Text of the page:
Séan Conefrey says there is a fodder shortage and dairy farmers need their mil collected
“This weather is hard on man and beast”.
These were the sentiments uttered by Longford’s IFA chairman, Séan Conefrey today as farmers across the county begin counting the financial and physical cost of the adverse weather over the past few days.
And, despite the emergence of a thaw in north Longford over the last few hours, which will help local farmers, Met Eireann has warned that freezing temperatures will continue tonight.
Fodder shortages and the accumulation of milk on dairy farms because there has been no transport operating for the last three or four days is leading to pressure on many farms across the county, however the local IFA chief says they are matters that can be addressed and in many cases “sorted out” over the coming days.
“There has been a fodder shortage in north Longford for a while now; farmers on the higher grounds are in difficulty and cattle had to be housed a lot earlier this year,” added Mr Conefrey.
“Many farmers were hoping for some opportunities in early spring, and while it’s not too late yet for that, this weather front of the past few days will certainly put any of those hopes back by at least a couple of weeks.”
Meanwhile, milk has has to be disposed of on some farms, while others have the facilities to store the liquid until collection starts again.
Lakeland Dairies was expected in north Longford today, however the latest reports suggest that tankers have been unable to reach the area due to very poor road conditions.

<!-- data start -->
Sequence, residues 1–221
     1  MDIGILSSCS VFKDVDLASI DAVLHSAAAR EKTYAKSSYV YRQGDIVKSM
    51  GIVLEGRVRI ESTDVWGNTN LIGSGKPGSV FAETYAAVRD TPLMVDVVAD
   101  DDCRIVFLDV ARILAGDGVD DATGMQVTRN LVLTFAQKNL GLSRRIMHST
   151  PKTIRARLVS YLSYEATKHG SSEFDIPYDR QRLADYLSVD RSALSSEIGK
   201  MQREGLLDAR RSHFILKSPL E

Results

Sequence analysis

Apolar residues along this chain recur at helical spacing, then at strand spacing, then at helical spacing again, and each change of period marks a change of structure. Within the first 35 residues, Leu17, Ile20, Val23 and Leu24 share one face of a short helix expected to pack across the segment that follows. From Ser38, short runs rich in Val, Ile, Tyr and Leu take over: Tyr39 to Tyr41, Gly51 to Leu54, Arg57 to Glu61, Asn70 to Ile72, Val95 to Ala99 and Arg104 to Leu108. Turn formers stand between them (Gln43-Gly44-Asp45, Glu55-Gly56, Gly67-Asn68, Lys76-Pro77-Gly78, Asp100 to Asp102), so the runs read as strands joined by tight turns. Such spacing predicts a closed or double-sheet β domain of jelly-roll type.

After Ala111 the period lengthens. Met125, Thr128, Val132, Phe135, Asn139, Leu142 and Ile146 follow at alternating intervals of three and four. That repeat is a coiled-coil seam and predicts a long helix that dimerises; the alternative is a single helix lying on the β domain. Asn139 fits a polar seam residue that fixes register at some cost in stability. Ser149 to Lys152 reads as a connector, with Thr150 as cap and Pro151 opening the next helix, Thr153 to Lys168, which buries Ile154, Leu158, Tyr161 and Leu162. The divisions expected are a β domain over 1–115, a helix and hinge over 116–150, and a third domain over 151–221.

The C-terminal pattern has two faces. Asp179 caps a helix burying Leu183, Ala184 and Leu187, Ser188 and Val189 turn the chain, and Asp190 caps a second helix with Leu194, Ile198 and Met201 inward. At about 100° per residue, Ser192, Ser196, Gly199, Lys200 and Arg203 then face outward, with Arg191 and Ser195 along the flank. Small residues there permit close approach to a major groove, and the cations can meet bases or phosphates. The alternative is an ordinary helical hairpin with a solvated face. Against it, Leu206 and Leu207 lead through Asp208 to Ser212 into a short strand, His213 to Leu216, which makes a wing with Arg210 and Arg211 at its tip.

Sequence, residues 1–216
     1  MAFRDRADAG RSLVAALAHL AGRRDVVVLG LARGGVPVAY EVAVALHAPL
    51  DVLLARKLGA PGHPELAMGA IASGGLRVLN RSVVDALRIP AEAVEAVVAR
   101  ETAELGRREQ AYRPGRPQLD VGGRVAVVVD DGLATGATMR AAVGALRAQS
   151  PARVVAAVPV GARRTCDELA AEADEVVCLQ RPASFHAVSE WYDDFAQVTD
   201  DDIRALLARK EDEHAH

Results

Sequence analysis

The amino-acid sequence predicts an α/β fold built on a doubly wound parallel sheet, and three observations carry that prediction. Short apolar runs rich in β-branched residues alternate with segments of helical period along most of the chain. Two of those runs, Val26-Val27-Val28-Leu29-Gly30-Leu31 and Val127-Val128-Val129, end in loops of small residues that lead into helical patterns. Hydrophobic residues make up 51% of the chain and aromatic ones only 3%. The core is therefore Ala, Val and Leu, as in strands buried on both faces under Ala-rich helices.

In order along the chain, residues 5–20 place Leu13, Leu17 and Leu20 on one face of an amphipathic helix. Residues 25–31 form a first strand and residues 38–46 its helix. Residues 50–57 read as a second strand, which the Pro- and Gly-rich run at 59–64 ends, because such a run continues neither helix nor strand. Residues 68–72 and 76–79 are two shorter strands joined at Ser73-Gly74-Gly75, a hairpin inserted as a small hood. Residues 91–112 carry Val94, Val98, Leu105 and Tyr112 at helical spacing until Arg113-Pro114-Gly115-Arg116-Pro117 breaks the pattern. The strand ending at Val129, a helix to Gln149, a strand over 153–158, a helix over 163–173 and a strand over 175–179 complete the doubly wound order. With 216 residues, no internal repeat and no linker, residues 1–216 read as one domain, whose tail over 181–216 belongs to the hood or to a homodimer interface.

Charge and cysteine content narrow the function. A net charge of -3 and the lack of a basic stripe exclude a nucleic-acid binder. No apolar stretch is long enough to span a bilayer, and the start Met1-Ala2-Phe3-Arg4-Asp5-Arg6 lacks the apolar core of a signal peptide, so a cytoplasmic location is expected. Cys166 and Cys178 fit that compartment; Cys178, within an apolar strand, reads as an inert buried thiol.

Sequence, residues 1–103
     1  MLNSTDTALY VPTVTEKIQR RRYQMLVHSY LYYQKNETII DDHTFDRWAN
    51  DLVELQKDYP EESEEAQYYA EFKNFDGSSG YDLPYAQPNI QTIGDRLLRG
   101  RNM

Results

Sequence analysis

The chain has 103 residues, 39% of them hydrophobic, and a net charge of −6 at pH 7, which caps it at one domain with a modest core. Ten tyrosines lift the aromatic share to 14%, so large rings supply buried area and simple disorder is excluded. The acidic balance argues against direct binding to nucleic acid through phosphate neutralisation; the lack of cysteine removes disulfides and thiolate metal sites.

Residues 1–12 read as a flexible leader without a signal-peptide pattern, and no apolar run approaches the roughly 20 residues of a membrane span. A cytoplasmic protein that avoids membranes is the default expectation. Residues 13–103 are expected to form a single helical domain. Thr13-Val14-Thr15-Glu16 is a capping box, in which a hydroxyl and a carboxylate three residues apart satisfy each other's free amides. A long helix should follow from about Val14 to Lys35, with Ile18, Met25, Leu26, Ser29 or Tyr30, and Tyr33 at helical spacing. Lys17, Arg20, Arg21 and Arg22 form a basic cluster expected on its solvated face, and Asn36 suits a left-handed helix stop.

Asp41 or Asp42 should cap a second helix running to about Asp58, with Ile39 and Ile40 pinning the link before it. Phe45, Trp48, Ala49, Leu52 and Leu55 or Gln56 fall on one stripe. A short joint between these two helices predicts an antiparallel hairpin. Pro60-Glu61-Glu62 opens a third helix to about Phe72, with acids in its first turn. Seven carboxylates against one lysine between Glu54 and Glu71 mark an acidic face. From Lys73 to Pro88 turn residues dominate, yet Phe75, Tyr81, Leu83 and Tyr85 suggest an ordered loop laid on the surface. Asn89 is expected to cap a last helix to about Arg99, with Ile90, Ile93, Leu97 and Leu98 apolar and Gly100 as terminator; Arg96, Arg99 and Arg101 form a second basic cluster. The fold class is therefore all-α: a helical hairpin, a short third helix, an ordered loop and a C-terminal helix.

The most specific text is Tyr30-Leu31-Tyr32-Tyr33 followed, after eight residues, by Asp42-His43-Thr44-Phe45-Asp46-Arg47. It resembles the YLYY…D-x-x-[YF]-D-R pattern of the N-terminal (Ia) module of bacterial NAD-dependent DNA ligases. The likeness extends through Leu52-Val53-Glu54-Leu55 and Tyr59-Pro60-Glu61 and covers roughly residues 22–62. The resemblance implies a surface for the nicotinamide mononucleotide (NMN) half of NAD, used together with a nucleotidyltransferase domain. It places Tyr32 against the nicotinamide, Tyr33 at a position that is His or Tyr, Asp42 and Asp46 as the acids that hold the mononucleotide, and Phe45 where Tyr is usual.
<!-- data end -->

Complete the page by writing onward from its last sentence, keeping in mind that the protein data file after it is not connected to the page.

“I have had numerous calls from farmers over the last few days wondering about fodder,” Mr Conefrey added, before pointing to the fact that many farmers in north Longford availed of fodder that was delivered to them from Co Carlow over the past couple of months.
“We all know that the fodder scheme implemented by the Government brings with it, its own set of problems, but nonetheless some fodder has reached north Longford and we are all grateful for that.
“But there certainly is a shortage now because no feed has been delivered for the past few days.”
But despite the adverse weather since last Wednesday, there is some stock out on land and that includes sheep who have been lambing for the past few weeks.
Some lambs have been lost, says Mr Conefrey, and that has been as a direct result of the weather.
“The stock that is out is very dependent on fodder and lambs have been lost over the past few days because of snow and very cold temperatures,” the local IFA man continued.
“For dairy farmers milk collection has been an issue as has access to farm yards.
“There has been no milk collection since last Tuesday, so some farmers, depending on their level of storage, will probably find themselves having to let some of their milk go; there were milk collections two days a week up to now, so to be honest it won’t take farmers long to get back on track with milk once collection starts up again.”
Mr Conefrey says this time of year is always a busy time for farmers because of cows calving and sheep lambing, so the adverse weather is putting additional pressure on the system.
“This weather is hard on man and beast, but farmers will weather this storm,” Mr Conefrey concluded.
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